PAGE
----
Around the world, healthcare systems struggle with unprecedented unsustainable rises in healthcare costs and expanding access to care. Every player in the healthcare value chain needs to re-evaluate how more effective care can be delivered to more patients at lower cost. Can tablets and smartphones help?
Today’s buzz around eHealth is centered on the clinical environment. Smartphones and tablets have already taken root in clinical practices. In time, the tablet or smartphone may become the primary display. According to a report from New York, N.Y. based Manhattan Research titled, “Taking the Pulse 2012,” 85 percent of U.S. physicians own or use a smartphone for their profession. Of the 62 percent of physicians who own tablets, half use them at the point of care.
Clinicians are a mobile workforce and, like most consumers, have a personal emotional attachment to their smartphones and tablets. They drive smartphone and tablet implementation as either an addition to or as a replacement for previous IT investments– both at the patient bedside and in administrative environments.
Tablets provide a significantly improved user interface, allow for greater portability and cost less than laptops. They allow for easier and more efficient interaction of nurses and physicians with electronic medical records (EMR), electronic health records (EHR) and with patients and families.
Additionally, wireless sensing, radio frequency identification (RFID) and near-field communication (NFC), barcodes and mobility technologies catalyze the move toward safer, more efficient and intelligent hospitals. As a result, they provide opportunities to improve (and even redesign) patient care workflows. One example is a more portable, connected label and barcode printer for printing wristbands and specimen vial labels at the patient bedside instead of at nursing stations or in labs.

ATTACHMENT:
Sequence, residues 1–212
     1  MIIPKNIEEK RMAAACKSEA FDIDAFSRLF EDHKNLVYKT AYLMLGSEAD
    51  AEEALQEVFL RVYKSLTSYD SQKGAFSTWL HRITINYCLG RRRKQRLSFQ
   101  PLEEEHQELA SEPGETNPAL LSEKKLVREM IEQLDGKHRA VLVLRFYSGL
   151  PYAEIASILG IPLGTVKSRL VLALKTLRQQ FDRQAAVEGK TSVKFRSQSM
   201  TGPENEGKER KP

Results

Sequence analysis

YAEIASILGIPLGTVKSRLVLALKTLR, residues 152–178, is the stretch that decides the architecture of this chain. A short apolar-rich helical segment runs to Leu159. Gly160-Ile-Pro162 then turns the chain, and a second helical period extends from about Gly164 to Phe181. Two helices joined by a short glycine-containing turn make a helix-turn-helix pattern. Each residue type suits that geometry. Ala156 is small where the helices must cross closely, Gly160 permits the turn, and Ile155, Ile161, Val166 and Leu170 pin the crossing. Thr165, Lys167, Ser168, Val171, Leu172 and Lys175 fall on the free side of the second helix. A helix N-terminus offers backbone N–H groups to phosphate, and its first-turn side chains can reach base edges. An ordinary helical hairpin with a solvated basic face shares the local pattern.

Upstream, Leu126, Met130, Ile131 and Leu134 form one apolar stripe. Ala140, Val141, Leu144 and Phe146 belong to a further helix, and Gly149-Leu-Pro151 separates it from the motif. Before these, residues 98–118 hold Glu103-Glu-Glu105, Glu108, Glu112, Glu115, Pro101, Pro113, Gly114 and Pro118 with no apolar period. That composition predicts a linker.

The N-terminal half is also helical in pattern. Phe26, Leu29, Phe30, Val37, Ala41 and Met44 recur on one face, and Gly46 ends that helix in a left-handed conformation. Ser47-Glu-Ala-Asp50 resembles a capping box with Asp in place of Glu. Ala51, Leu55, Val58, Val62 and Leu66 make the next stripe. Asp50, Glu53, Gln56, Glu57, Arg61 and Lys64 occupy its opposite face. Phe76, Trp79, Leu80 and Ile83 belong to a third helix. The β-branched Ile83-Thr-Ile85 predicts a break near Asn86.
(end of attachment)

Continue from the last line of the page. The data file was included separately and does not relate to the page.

In time, with appropriate evidence, the tablet or smartphone may become the primary display. Combined with the potential migration of diagnostics and analytics from standalone devices into the server and storage infrastructure, future medical devices may look and function much differently. The bedside medical device could be altered dramatically as the infrastructure of the hospital encroaches on functionality that was solely part of the medical device.
To start planning for and responding to consumer platforms and server infrastructure that form a critical part of the medical device ecosystem, medical device companies can work more closely with their value chain partners. Design, manufacturing and supply chain vendors can help develop future generations of new devices and define new services.
In Guy Kawasaki’s book, “Rules for Revolutionaries,” he writes that opportunities for real differentiated value can be found on the edges or the interfaces between things. Interfaces are where dissimilar elements come together and conflict and disruption naturally occurs. In healthcare, there are many complex human-to-human interfaces, human-to-machine interfaces and machine-to-machine interfaces.
Smartphones and tablets, with their intuitive user interfaces, easy internet connections, sleek form factors and engaging downloadable mobile apps, combined with well-designed wireless biologic, physiologic and anatomic sensors, might prove to smooth out the bumpy and conflict-ridden terrain of most human-to-machine interfaces.
As competitive differentiation becomes harder in the medical device market, Are you exploring ways to collaborate with your value-chain partners for next-generation, connected medical devices?